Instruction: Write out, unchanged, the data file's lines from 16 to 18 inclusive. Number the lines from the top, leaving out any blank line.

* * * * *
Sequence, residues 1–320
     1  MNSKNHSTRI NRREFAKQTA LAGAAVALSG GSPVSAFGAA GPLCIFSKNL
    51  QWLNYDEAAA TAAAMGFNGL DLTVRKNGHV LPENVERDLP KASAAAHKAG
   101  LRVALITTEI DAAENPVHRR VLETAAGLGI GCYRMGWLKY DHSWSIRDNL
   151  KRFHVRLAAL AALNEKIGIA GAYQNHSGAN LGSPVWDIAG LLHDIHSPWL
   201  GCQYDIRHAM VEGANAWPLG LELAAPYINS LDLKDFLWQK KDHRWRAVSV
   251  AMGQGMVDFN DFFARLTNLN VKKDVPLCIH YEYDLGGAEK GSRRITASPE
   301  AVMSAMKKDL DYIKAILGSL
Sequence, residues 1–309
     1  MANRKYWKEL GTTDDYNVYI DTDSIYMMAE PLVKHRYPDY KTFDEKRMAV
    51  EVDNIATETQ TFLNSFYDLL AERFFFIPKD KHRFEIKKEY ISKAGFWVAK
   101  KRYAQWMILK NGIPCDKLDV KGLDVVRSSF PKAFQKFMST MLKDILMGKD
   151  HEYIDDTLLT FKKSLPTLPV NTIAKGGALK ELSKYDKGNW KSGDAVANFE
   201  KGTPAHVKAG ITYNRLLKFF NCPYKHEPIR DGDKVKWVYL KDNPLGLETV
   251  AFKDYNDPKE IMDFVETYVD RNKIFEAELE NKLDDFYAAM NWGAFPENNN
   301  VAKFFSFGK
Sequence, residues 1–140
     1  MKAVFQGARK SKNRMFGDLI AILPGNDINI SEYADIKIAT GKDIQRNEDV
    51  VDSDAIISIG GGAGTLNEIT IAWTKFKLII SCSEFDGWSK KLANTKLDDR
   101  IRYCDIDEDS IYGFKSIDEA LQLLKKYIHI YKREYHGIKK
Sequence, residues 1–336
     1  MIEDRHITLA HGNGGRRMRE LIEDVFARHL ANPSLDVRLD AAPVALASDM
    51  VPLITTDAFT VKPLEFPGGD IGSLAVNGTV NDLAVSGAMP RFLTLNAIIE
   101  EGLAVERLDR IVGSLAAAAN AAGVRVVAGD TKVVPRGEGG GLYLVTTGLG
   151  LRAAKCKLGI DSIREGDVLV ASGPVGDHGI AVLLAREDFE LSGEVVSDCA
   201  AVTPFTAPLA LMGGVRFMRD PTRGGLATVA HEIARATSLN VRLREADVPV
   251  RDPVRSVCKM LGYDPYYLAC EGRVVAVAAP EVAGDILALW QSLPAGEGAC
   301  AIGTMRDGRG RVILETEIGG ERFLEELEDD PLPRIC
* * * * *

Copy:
   301  VAKFFSFGK
Sequence, residues 1–140
     1  MKAVFQGARK SKNRMFGDLI AILPGNDINI SEYADIKIAT GKDIQRNEDV